Making Slum-Free Cities: Global Urbanism in the Asian Century
Delivered by Ananya Roy, Professor of City and Regional Planning and Distinguished Chair in Global Poverty and Practice at the University of California, Berkeley.
Date: 16 May 2013
Time: 17h30 for 18h00 to 20h30
Venue: Dorothy Susskind Auditorium, John Moffat Building, East Campus,
University of the Witwatersrand
- 18h00: Welcome and opening
- Commemoration: ‘Drawing inspiration from Rusty Bernstein’ by Toni Strasburg, award
winning documentary filmmaker and writer, author of Fractured Lives, and daughter of
- ‘Making Slum-Free Cities: Global Urbanism in the Asian Century’ by Professor Ananya
- Vote of thanks
- 20h00: Snacks and drinks in the John Moffat Foyer
Abstract for Professor Ananya Roy’s Talk:
The Asian Century can be understood as a historical conjuncture marked by new formations of economic hegemony and bold claims of Asian ascendancy. This talk examines how, at such a historical moment, the urban question becomes the matter of government, and how in particular, the megacity of slums is transformed into the Asian world-class city. Taking up the example of India’s recent Slum-Free Cities policy, which marks a break with hitherto dominant modes of governing, the talk interrogates emerging paradigms of inclusive growth, those that seek to integrate the poor into market rule and capitalize the entrepreneurial slum. In this way, the talk tackles the broader question of postcolonial government and its frontiers of development, as well as the politics of poverty thus unleashed.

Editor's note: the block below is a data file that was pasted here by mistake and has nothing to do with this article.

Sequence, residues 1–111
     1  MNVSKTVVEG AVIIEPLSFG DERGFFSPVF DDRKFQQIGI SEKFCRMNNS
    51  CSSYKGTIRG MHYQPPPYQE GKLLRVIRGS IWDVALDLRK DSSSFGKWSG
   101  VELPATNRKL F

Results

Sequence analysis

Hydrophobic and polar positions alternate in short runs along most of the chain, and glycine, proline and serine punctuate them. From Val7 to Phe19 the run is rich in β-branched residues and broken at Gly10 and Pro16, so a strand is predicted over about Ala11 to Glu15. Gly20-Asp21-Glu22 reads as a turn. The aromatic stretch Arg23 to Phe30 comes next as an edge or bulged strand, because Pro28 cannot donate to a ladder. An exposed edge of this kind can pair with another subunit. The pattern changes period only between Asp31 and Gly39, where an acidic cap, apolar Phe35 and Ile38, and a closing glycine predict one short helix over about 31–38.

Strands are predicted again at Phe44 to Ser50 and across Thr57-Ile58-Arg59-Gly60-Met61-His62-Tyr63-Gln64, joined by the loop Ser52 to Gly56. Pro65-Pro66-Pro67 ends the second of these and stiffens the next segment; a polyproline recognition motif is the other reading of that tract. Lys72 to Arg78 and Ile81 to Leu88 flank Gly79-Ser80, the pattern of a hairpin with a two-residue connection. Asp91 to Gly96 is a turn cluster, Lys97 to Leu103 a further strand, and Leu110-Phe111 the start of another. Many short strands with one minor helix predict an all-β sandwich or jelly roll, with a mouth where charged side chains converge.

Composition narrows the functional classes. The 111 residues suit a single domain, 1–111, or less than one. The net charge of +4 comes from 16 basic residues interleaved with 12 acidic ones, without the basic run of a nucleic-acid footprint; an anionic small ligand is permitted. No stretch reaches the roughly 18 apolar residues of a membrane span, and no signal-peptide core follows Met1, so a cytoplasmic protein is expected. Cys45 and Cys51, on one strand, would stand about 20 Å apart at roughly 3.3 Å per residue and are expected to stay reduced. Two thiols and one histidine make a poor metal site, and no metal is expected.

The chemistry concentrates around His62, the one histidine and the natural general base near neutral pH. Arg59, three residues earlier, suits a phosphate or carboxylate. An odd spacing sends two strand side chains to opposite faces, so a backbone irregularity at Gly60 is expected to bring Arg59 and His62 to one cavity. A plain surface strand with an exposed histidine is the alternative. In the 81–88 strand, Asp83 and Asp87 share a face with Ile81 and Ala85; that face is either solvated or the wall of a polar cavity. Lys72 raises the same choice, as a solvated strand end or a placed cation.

Ananya Roy is Professor of City and Regional Planning and Distinguished Chair in Global Poverty and Practice at the University of California, Berkeley, where she teaches in the fields of urban studies and international development. She also serves as Education Director of the Blum Center for Developing Economies. Most recently, Roy served as co-director of the Global Metropolitan Studies Center. Roy is the author of City Requiem, Calcutta: Gender and the Politics of Poverty (University of Minnesota Press, 2003), co-editor of Urban Informality: Transnational Perspectives from the Middle East, South Asia, and Latin America (Lexington Books, 2004) and co-editor of The Practice of International Health (Oxford University Press, 2008). Her book, Poverty Capital: Microfinance and the Making of Development (Routledge, 2010), was the recipient of the 2011 Paul Davidoff Book Award of the Association of Collegiate Schools of Planning, a book award for research that advances social justice. Roy's most recent book is co-edited with Aihwa Ong and titled Worlding Cities: Asian Experiments and the Art of Being Global (Blackwell, 2011). Roy is currently involved in three collaborative projects of research and practice: Urban Revolutions in the Age of Global Urbanism; The 21st Century Indian City: Setting New Agendas for Policy; and Territories of Poverty: Rethinking Welfare and
Development. She is also launching a new book series with the University of California Press to foster global and transnational agendas of poverty and inequality scholarship.